Jailed friend of Boston bomber seeks release
Boston: Lawyers for one of Dzhokhar Tsarnaev`s friends, who was arrested and charged with aiding the Boston bombings suspect, have sought his release describing him as a "frightened and confused" teenager who did not deliberately lie to investigators.
Robel Phillipos, a resident of Cambridge, is among Tsarnaev`s three friends arrested last week who have been accused of covering up for the alleged bomber.
"This case is about a frightened and confused 19-year-old who was subjected to intense questioning and interrogation, without the benefit of counsel, and in the context of one of the worst attacks against the nation," said Phillipos` lawyers, Derege B Demissie and Susan B Church, in court papers filed yesterday, the Boston Herald reported.
They later added, "Mr Phillipos is described as someone who is friendly, mild-mannered, peaceful and respectful of his elders."
His lawyers argued Phillipos, who was arraigned last week in federal court on charges of lying to authorities investigating his college friend Tsarnaev, should be released while he awaits trial because he has no prior arrest record and has strong ties to his family, church and community.
A hearing is set tomorrow in US District Court. More than a dozen affidavits mostly filed by Phillipos` family members and co-workers of his mother described Phillipos in glowing terms and offered to help his family if he is released from federal custody.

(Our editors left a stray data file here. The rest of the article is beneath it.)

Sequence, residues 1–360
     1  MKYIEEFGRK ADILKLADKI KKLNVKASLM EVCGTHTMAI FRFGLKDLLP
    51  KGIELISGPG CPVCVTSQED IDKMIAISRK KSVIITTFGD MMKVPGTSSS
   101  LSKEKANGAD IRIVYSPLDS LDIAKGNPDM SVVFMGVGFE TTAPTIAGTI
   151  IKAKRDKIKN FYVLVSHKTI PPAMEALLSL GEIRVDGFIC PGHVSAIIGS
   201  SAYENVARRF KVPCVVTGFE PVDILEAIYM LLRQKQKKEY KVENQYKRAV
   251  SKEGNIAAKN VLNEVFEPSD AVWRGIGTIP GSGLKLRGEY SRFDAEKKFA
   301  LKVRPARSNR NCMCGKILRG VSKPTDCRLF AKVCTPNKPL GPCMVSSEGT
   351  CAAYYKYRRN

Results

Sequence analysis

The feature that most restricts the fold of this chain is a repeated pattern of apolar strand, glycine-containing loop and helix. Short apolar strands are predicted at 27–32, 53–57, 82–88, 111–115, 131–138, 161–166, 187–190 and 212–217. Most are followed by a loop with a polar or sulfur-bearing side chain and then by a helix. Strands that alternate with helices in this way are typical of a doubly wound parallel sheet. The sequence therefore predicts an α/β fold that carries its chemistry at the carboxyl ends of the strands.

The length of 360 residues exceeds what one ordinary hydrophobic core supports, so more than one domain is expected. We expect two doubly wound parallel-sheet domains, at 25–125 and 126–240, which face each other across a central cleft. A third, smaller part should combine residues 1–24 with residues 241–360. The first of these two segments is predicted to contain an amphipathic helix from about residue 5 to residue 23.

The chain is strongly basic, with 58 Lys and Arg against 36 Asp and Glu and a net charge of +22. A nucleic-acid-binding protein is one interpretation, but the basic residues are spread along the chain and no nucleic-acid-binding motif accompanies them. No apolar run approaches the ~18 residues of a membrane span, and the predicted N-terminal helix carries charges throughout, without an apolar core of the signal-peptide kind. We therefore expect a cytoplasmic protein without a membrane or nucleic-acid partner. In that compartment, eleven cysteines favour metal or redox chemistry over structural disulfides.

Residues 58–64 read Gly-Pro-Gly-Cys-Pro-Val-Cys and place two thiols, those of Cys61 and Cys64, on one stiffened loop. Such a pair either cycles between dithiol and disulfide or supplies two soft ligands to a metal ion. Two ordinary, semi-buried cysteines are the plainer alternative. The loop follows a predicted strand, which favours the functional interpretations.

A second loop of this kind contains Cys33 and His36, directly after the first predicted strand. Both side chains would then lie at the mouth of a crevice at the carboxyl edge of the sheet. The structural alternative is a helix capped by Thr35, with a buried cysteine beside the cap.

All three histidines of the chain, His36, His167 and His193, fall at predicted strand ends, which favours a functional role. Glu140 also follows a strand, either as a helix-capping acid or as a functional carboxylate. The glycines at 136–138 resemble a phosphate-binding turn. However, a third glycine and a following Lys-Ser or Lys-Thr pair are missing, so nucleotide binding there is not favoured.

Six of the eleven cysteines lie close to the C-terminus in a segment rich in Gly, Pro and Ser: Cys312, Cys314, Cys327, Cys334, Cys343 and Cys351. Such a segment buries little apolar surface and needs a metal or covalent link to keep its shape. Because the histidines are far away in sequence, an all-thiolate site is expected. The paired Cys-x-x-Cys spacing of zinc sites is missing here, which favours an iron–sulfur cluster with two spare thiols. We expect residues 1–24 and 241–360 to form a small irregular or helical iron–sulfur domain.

Phillipos is accused of lying about whether he had been in Tsarnaev`s dorm room at University of Massachusetts Dartmouth on April 18 three days after the bombings in Boston that killed three people and injured more than 200 others on April 15, in one of the worst terrorist attacks in the US, post-9/11.
On that day, prosecutors allege Phillipos went to Tsarnaev`s dorm room with Kazakh nationals Dias Kadyrbayev and Azamat Tazhayakov who are both in federal custody on charges of taking evidence from the room, including a backpack full of fireworks and a laptop.
Tsarnaev, Kadyrbayev, Tazhayakov and Phillipos all 19-year-olds had enrolled at the university in 2011, according to authorities.
Phillipos took a leave of absence from school and had not had contact with the other three suspects for more than two months, his lawyers said.
"But by sheer coincidence and bad luck, he was invited to attend a seminar on campus April 18," his lawyers said in the filing.
"As such, he did not have much to offer the authorities regarding the investigation of the suspect," they said.
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